I just read a great article by Diane Flynn Keith entitled “7 Dumb Mistakes Smart People Make When They Homeschool and How to Avoid Them.” The article really struck home with me in areas where I’ve been, and some areas in which I insist on returning, despite my best efforts. For copyright’s sake, I won’t post the entire article here, but I will share her list of mistakes:
1. Unrealistic expectations (or no expectations) regarding yearly or daily goals
2. Over-scheduling & under-scheduling
3. Ignoring child feedback
5. Isolation (interestingly enough, one of her remedies is to participate in an online chat room—HA HA!)
6. Thinking you can do it all
7. Striving to convince everyone else that they, too, should homeschool
Like I said, I could preach a sermon on all but #4, and I’m good enough to even get an offering on #s 2 and 6. The reason that I’ve not been guilty of overspending, at least not yet, is more of a function of the method I chose for homeschooling than any well thought-out savings strategy. One great benefit I’ve always enjoyed about Charlotte Mason’s principles is that there isn’t a lot of curriculum to buy if you play your cards right. I have used as a mantra that quote I heard early in my journey about ‘all you need to homeschool is a Bible, a math book, and a library card.’ Don’t get me wrong; spending money on some curriculum is a necessary, and every now and then, you will purchase something that just isn’t working. I think that’s par for the course of any homeschooler.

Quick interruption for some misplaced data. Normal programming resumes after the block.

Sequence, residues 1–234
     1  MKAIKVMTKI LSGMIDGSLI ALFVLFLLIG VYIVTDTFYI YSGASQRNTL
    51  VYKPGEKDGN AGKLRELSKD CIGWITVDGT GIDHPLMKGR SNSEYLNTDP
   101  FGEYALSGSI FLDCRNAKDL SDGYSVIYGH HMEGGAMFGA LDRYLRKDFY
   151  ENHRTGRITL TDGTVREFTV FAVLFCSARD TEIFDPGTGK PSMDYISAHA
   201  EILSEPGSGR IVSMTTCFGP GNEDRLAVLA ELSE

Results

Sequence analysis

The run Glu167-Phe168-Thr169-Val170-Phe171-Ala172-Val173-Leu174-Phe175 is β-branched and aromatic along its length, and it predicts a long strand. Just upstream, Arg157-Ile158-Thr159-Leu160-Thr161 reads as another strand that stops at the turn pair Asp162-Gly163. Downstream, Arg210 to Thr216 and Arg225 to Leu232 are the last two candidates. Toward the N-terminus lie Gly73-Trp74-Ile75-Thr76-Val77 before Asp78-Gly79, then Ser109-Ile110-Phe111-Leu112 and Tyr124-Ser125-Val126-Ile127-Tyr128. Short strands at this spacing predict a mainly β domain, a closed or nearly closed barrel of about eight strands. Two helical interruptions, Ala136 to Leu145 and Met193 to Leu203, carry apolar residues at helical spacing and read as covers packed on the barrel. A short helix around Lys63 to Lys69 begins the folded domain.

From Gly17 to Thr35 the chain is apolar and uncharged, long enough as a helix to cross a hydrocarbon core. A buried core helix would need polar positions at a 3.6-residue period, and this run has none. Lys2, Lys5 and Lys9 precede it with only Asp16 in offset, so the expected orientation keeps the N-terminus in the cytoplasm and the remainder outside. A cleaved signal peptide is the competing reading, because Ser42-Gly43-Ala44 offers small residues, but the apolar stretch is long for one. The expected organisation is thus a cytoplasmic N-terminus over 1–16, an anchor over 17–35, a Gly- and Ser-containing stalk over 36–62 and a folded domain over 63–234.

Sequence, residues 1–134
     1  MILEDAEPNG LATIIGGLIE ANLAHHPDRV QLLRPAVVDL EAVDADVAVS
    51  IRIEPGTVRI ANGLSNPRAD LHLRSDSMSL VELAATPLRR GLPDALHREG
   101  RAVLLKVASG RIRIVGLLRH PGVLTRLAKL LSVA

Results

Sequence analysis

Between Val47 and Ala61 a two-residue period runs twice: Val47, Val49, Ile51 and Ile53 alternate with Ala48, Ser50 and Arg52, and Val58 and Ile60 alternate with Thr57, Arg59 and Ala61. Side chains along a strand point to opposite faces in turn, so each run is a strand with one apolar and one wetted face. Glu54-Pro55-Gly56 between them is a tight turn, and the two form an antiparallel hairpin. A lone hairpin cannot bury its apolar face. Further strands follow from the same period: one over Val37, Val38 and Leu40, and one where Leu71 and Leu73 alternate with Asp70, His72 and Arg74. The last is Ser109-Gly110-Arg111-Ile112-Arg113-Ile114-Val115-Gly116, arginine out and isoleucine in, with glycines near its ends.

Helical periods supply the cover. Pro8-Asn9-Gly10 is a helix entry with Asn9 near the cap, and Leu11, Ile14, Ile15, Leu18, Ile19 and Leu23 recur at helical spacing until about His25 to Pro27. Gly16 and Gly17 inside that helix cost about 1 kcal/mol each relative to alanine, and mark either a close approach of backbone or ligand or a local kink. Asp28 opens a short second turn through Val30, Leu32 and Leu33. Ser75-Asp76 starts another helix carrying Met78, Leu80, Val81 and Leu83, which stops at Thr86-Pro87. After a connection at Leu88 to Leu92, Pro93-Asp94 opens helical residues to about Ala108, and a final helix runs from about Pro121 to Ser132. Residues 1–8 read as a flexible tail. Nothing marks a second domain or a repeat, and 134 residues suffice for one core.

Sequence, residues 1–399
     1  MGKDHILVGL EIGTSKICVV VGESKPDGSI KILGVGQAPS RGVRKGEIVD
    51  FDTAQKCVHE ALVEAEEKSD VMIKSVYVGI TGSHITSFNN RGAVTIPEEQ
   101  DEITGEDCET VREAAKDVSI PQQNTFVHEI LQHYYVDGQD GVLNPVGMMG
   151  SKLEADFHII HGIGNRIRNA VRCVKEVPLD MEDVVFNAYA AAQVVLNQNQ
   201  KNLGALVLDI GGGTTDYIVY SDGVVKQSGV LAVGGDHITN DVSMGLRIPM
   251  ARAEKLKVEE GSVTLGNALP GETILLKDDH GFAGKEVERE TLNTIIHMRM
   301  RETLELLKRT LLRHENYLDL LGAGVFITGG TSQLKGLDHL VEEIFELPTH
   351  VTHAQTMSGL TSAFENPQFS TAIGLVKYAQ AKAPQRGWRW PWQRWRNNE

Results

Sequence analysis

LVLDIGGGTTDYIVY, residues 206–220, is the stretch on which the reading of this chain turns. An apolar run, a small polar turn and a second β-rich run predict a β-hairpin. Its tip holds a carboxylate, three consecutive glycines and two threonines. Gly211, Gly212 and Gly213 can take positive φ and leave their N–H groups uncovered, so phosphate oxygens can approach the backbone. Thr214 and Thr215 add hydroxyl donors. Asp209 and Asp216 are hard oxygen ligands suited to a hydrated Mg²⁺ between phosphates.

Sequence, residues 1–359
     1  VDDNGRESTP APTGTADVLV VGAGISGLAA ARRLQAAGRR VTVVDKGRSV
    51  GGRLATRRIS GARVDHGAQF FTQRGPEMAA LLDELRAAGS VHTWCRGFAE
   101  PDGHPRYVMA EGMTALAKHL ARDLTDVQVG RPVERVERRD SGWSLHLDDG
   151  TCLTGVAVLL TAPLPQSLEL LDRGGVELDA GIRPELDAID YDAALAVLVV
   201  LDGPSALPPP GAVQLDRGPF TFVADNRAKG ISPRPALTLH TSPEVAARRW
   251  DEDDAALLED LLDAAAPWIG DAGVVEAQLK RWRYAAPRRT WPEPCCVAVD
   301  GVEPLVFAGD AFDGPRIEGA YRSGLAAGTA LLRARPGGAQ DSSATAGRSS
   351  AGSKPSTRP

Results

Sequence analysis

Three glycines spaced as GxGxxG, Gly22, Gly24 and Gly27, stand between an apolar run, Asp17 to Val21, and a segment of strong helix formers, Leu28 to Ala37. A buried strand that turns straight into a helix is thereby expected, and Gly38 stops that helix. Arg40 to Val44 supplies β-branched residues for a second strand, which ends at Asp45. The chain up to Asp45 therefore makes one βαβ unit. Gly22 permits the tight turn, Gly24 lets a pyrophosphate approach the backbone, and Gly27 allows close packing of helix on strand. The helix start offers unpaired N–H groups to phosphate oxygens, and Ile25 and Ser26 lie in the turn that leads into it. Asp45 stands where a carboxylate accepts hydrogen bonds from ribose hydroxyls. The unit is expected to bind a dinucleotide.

I mentioned earlier that I was in a bit of a quandary about the preschooler and what to use for next year. There are a number of brightly-colored packages out there, complete with all the bells and whistles, that sure are tempting. I think I’ve crossed that bridge and backed up to look at, academically, where I would want her to be. However, I didn’t mention that the dilemma is the same when kids enter middle, and especially, high school. Is there some rite of passage which states that as kids get older, everything must cost more? Of course, I have at least one more year with the oldest to mull over these prices, which are exorbitant for me.
As I pray and do the homework, I have a couple of homeschooling jewels that I often refer back to, especially at the year’s end when I’m beginning to think about the years to come. So, what pearls of wisdom did I find? A few questions to consider:
Is this something I can teach without a curriculum?
Am I attracted to the content, or the packaging and promotion?
What do the reviews say about it?
Finally, this one is my favorite: buy books instead of buying “stuff”. Hopefully as you plan for next year, this one will help you, too.